Shada Islam Q&A: ‘You can be both Muslim and European’

Photograph courtesy of Shada Islam

The Brussels-based insider on the importance of diversity within EU institutions

Shada Islam is a prominent Brussels-based adviser on development and migration policies. She believes that the European Union’s failure to embrace diversity and protect the rights of minorities is threatening European influence worldwide. 

Islam, who is originally from Pakistan, spoke to Hyphen about the urgent need to improve representation within EU institutions. She has been described by Politico as the “ultimate insider outsider” owing to her expert knowledge of East-West dynamics.

This conversation has been edited for length and clarity.

Hyphen: The EU’s record on diversity seems at odds with the Treaty of the European Union, which guarantees respect for human rights, including those of minorities. What has your personal experience been?

Shada Islam: In the EU, you have a list of legislation which is fairly progressive, pro-equality, and even pro-equity. The problem isn’t a lack of commitment in words or the lack of a legal basis. The problem is enforcement and implementation. There’s a huge gap between these aspirational values and the reality of Europe. 

Far-right discourses on Muslims and minorities have generally become more mainstream and have seeped into the institutional language of the European Union, which is in a state of denial about racism. 

Earlier this year, the European Commission published the results of its first survey on diversity in the workplace. You have called out government homogeneity using the social media hashtag #BrusselsSoWhite. Does the report signal a change for EU attitudes towards inclusion?

The results are pretty damning. If you look at the figures, only 22% — or about 10,000 people — working at the Commission, EU executive agencies and the European External Action Service participated in the poll.

The data, therefore, doesn’t really provide a full picture of Commission staff or of their work environment. Working for the EU institutions is no walk in the park for people of colour, or people with a disability. Almost 60% of respondents from both categories say they have observed or experienced discrimination. And staff members who self-identify as having ethnic minority backgrounds were particularly harsh regarding the racial or ethnic diversity within their organisation — 64% of them disagree that their workplace is diverse.

Yet, for all its limitations, the survey represents modest progress for EU institutions, which have traditionally rejected allegations of racism and insisted they are “colour- blind”.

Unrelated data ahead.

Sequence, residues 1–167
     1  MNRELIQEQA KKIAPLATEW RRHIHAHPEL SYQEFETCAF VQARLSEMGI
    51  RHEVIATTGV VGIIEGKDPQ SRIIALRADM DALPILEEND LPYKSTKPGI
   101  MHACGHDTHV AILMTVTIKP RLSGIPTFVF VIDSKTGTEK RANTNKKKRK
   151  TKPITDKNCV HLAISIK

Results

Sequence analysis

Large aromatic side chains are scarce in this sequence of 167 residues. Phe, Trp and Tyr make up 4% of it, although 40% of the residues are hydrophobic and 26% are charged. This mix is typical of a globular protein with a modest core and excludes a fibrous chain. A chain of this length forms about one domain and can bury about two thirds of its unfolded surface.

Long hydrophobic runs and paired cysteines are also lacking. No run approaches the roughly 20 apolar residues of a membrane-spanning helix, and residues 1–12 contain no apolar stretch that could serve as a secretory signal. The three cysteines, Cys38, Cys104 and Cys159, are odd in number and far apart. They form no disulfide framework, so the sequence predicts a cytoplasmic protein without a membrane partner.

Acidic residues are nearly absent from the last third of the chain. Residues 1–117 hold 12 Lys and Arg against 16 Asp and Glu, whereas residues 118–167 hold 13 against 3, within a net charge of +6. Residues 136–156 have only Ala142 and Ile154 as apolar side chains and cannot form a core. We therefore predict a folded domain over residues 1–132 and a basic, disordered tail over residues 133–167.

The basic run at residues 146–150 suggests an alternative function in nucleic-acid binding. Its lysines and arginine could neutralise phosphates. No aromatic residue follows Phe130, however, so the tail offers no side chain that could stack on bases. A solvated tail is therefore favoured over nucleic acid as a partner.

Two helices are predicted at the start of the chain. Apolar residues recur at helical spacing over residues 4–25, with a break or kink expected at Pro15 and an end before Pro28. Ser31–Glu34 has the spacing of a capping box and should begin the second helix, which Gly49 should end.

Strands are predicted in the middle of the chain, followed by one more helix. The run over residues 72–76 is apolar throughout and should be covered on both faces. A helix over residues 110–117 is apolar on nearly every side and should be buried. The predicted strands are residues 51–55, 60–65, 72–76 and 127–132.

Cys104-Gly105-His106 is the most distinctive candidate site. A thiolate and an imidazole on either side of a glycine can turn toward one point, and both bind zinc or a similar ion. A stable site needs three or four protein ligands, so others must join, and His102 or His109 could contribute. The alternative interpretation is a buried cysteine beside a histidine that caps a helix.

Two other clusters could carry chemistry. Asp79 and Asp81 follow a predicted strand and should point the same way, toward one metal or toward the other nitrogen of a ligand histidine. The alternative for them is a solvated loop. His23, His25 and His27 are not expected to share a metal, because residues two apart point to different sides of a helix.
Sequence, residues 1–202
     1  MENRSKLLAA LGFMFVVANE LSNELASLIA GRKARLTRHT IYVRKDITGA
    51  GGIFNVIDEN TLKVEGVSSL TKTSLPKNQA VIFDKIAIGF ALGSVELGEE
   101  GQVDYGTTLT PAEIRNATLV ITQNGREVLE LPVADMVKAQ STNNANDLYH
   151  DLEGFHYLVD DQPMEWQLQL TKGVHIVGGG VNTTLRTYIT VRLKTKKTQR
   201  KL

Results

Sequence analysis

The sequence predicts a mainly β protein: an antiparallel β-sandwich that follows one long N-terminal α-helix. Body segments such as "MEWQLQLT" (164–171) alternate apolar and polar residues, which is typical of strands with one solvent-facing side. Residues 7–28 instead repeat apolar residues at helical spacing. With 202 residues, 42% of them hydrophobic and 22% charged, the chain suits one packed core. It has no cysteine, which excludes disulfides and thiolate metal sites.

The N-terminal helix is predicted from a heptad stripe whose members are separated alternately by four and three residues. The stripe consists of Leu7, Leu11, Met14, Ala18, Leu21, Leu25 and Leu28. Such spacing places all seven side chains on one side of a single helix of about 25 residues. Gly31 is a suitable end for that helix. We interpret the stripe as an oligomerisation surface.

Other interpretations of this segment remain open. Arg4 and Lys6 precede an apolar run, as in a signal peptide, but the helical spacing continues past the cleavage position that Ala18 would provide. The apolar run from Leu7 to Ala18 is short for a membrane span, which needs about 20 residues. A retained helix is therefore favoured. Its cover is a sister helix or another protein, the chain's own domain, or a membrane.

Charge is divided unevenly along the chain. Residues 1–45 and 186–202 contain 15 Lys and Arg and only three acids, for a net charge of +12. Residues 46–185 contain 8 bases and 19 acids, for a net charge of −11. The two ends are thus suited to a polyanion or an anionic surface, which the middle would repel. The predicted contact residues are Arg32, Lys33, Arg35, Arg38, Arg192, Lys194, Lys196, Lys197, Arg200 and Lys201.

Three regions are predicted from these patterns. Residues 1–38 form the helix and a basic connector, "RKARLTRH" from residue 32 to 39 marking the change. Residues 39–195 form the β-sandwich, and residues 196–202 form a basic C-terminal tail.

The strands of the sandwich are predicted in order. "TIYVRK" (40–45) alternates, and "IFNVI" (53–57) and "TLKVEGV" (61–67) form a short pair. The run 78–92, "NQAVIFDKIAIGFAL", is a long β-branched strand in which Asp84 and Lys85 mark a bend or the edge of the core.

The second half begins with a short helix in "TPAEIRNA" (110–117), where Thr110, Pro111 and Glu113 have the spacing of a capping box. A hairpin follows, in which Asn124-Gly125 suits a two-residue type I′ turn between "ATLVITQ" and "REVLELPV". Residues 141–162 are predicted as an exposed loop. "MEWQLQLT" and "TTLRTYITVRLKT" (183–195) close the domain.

How is the lack of diversity at EU institutions affecting its ability to implement the action plan on anti-racism? 

If you want to change your constituency, you need to change from inside as well. It’s very obvious that people of colour are not interested in joining European institutions — whether that’s because they feel out of place, or that these institutions don’t represent them. The lack of diversity works against Europe’s global influence.

How are EU policies on migration and minority rights affecting the regions’ influence across Africa, Asia and the Middle East? 

One of the problems we have is a very strong colonial, eurocentric culture. The whole idea of Europe has been based on an “us and them” discourse, centred on the superiority of European culture.

I think what’s becoming very clear is that our policies on trade, development, security and even the climate policy are very much based on that assumption of superiority — of “knowing better” than others. In the past, Africa, Asia and the Middle East politely listened when Europe talked to them about human rights violations and so on. Now they are pointing out Europe’s double standards, such as trade policies that aggravate existing inequalities. It’s a very problematic moment for the EU. 

Has this assumption of European superiority hindered efforts to address the current conflict in Ukraine? 

With the Ukraine war, the EU has been unhappily surprised that many of the countries in Africa or Asia it considered to be strategic partners have not backed their sanctions against Russia.

According to a recent Pew Research study, the Muslim population in Europe could potentially double, or even triple, by the year 2050. What does this mean for traditional European identities?

The narrative of Europe has to understand that you can be a fluid identity. You can be both Muslim and European. You can be a Muslim feminist. You can be Asian and European. These hyphenated identities are something many Europeans find it hard to come to terms with. We are not just a continent which is Christian and white. We are diverse. We should use that to our advantage.

On a more positive note, what are some of the cultural, economic and political contributions that Muslims are currently making in Europe?

Europe needs foreign labour and talent. We are an ageing society, our pensions are under stress and we’re headed for a real autumn of discontent with the Ukraine war as prices rise.

Go to any hospital in the EU and your whole infrastructure from the doctors to the cleaners are migrants, many of whom are Muslims. During the pandemic, many frontline workers have been Muslim migrants, which has been recognised by the European Union Joint Research Centre.

And then, obviously, you have the coolest rappers, comedians, artists, poets, sports figures, and even a number of politicians. They give Europe a vibrant culture and the innovation it needs.


Get the Hyphen weekly

Subscribe to Hyphen’s weekly round-up for insightful reportage, commentary and the latest arts and lifestyle coverage, from across the UK and Europe